Coca-Cola brings back the global CMO role

Coca-Cola is scrapping the chief growth officer title it introduced in 2017 and going back to having a global CMO, albeit one that is now also in charge of operations.

coca-colaCoca-Cola is bringing back the global CMO role having got rid of it in favour of a chief growth officer (CGO) in 2017.

The move has been prompted by CGO Francisco Crespo’s decision to retire. As chief growth officer, he had oversight of integrated global marketing, corporate strategy, and customer and commercial operations. However, the company says with its “growth strategy firmly in place” it is restructuring.

“Over the past several years, we’ve worked hard to create headroom for our brands to grow. We created the frameworks and disciplines to capture it, and our results demonstrate our progress,” says Crespo. “I feel confident that this great company that I love is set for sustained and long-term growth.”

Coca-Cola’s last CMO was Marcos de Quinto, who held the position for more than two years. When he retired, the company made the decision to create the CGO role, which added corporate strategy, customer and commercial to the CMO role.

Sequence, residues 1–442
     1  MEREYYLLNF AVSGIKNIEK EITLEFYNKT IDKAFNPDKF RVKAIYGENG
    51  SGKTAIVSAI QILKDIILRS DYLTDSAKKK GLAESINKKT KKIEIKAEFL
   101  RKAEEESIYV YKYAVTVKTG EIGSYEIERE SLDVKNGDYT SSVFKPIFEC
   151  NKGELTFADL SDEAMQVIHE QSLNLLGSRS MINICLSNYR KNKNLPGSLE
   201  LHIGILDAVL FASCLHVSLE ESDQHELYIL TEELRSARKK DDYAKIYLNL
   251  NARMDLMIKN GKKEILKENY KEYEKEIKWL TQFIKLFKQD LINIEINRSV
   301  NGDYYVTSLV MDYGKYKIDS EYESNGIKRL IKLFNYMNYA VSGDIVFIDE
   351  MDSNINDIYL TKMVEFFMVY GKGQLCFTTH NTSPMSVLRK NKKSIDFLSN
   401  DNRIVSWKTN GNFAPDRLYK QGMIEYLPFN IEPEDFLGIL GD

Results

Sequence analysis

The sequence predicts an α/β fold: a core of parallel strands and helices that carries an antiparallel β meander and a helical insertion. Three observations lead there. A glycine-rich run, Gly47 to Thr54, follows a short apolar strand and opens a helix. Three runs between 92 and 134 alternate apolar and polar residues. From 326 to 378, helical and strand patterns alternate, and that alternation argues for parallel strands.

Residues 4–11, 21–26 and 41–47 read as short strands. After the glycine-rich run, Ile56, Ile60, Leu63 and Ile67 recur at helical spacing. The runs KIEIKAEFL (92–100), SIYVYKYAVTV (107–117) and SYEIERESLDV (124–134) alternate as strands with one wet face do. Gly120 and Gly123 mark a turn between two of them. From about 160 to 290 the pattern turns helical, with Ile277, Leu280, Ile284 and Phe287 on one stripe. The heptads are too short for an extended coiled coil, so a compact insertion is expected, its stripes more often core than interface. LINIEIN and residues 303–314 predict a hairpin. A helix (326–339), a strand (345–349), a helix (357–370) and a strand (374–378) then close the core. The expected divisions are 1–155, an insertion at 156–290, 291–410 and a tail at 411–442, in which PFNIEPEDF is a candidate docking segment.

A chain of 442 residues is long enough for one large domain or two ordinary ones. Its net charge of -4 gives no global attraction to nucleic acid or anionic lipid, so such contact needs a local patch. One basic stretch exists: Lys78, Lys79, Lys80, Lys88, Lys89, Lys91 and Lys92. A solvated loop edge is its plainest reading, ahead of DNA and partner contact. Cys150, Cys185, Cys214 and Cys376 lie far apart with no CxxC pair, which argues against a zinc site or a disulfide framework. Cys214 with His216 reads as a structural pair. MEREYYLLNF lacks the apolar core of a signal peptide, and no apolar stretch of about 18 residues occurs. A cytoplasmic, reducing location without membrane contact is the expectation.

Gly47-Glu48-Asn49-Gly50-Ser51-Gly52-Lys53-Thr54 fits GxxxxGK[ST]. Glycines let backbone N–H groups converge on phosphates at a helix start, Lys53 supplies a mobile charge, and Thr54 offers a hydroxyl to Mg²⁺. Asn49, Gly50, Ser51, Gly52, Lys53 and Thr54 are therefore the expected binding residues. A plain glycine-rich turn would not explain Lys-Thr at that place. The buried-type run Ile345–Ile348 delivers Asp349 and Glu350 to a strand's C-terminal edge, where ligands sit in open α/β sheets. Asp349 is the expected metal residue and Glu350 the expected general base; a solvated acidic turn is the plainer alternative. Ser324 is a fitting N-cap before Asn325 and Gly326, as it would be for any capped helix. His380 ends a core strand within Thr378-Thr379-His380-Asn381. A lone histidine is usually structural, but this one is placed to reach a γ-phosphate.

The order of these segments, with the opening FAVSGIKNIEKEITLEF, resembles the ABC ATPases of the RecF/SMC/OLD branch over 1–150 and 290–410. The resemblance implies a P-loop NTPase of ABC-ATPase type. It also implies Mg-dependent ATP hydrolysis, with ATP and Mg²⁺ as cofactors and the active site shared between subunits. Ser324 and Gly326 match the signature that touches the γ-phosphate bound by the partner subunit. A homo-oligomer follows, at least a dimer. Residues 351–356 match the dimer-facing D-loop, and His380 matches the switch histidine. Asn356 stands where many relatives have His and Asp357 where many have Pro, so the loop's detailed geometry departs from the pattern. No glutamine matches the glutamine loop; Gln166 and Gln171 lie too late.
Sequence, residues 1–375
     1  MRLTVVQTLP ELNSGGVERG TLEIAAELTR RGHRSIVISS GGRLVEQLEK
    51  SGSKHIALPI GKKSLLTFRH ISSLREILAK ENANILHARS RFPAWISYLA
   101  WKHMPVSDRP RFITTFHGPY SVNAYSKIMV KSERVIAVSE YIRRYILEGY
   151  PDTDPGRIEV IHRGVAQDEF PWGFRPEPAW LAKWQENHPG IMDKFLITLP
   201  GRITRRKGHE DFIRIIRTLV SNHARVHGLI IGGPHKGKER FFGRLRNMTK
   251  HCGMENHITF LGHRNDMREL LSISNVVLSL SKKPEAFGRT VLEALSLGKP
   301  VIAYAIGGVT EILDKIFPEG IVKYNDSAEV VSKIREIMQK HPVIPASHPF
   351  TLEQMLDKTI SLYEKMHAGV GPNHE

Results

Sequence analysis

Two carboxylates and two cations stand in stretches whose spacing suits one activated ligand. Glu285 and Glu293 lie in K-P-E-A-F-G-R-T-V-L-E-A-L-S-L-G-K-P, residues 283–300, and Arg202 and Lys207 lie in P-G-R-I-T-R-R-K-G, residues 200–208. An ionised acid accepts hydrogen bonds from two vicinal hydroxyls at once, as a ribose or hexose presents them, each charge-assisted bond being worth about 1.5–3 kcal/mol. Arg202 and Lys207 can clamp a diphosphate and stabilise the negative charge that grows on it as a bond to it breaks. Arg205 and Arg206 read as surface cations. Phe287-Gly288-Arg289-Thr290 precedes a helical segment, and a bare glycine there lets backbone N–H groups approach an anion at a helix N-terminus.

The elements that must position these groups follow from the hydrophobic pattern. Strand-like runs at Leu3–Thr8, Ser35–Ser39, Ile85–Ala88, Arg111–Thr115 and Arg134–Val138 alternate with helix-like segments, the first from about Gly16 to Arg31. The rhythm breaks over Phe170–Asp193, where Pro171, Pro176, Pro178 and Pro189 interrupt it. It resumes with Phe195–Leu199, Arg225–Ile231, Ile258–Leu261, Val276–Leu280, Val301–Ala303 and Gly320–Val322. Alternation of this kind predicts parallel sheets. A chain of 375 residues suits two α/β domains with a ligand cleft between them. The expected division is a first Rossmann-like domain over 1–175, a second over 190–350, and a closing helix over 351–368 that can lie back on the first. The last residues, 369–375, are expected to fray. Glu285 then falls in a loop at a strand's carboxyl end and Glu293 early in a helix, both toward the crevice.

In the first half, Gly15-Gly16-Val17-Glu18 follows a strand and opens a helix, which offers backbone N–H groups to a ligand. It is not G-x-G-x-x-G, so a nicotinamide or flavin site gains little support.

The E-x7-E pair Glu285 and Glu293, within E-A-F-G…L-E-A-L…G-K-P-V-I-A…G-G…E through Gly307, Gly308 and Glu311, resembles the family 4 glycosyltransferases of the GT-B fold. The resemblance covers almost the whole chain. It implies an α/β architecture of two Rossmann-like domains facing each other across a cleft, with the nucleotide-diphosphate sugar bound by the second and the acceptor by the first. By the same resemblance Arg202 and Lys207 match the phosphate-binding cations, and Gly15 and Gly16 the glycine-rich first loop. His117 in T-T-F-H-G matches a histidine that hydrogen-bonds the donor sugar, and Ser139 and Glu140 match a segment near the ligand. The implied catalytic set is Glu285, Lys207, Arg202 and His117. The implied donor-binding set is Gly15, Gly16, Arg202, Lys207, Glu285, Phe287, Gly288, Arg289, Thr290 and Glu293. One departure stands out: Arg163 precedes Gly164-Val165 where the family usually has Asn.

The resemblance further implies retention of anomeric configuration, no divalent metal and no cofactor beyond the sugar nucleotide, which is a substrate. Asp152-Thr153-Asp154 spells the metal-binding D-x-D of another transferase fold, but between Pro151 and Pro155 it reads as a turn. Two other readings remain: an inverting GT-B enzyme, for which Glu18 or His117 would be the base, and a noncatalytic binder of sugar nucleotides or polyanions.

Those duties will now be split.

Integrated global marketing, which includes creative, category, marketing operations, design, and knowledge and insights, will report into new CMO Manolo Arroyo. He will also keep his role as president of Asia Pacific.

Corporate strategy will report into CFO John Murphy, while customer and commercial operations will fall under chief operating officer Brian Smith’s remit.

The restructure means marketing and operations will come under the remit of the CMO for the first time. The changes will take effect from 1 January 2020.

“We know consumer needs are changing faster and faster, and it is critical for the company to be agile in how it responds and adapts,” explains Quincey.

“Manolo’s dual leadership over operations and marketing is a new structure for us, and we anticipate that it will evolve in the months ahead. Manolo’s focus will range from developing work that can be used around the globe to supporting local campaigns.”

Coca-Cola’s decision to get rid of the CMO role prompted many other firms to follow suit. Both Mars and Kimberley-Clark have since appointed chief growth officers, while others have hired chief customer officers, for example, to reflect the broadening role of the CMO.

Coca-Cola and the rise of the chief growth officer

Crespo will remain with the business until the end of June 2020, serving as a senior strategic advisor and reporting into Quincey.

“Francisco has played a critical role in the success of our company in recent years, especially in helping develop a growth strategy that has become thoroughly embedded in our operations and our culture,” says Quincey. “He leaves an important legacy of helping make us more focused on fast-changing consumer needs at a critical time.”

New CMO Arroyo joined Coca-Cola in 1995 in brand management in Spain before moving to the US in 1998 to put together its first global water strategy. He has since served in a number of marketing and operations roles, starting his current position in Asia Pacific in 2019.